The B2B and B2C world markets and their various industries have never been more influenced by the values of the current consumer and the enormous changes we are witnessing, according to Hughes. “Disruptive changes are certainly fascinating; like the technological changes of the last 10 years, but now with the pandemic we have political, economic, and social change all pressing down,” he said.

Today, those who stand still, go backwards,” he said. “Because the various forces pressing down are too strong. It is time to open our eyes and be the agents of our own change,” he said. In order to do so, connections and relationships are key. How each brand connects with consumers as well as using technology right, because ultimately, the human factor will always prevail.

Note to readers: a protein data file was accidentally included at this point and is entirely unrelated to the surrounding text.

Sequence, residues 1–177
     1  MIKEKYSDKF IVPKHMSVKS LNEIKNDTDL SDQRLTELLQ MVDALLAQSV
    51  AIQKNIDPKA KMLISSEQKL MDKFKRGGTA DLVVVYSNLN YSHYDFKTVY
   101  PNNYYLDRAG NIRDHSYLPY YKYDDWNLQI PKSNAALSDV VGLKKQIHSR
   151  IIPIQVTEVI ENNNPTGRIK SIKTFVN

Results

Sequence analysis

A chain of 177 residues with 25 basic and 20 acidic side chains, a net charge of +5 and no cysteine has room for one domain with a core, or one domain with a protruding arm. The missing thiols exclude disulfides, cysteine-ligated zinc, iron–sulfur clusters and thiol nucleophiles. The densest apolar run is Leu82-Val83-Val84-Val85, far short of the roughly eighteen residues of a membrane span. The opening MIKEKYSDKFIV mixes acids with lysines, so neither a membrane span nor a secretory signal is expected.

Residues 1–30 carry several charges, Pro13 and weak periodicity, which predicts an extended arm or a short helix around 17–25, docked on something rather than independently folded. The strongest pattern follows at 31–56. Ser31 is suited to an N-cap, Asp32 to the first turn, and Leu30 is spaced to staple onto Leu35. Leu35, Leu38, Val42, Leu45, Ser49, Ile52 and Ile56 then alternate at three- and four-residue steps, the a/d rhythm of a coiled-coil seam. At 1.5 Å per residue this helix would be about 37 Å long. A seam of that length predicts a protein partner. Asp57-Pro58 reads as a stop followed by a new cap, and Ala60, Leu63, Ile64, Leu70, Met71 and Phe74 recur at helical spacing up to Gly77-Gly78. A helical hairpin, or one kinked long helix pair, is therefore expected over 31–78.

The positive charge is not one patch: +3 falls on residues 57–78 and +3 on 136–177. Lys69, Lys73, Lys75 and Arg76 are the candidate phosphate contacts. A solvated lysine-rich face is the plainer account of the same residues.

Then, he gave an outlook of the 6 generations that must be satisfied and that define current marketing: traditional over 80, baby boomers, Gen X, Millennials, Gen Z, and now the Alpha generation. “It is not easy to satisfy them all at the same time, but it is possible!”, he encouraged.

How fast things move and how irrelevant a business can become, was another one of the ideas he elaborated on. “Look at these children, who were born with technology, with things being instantaneous.” He made an analogy to music: Baby boomers listened to vinyl records, Gen X cassette tapes (“mobile music for the first-time on Walkmans,” as he said), Millennials on CDs (the digital revolution), and today Gen X uses Spotify, “where they can stream all the music they want. And this will continue to change,” he said.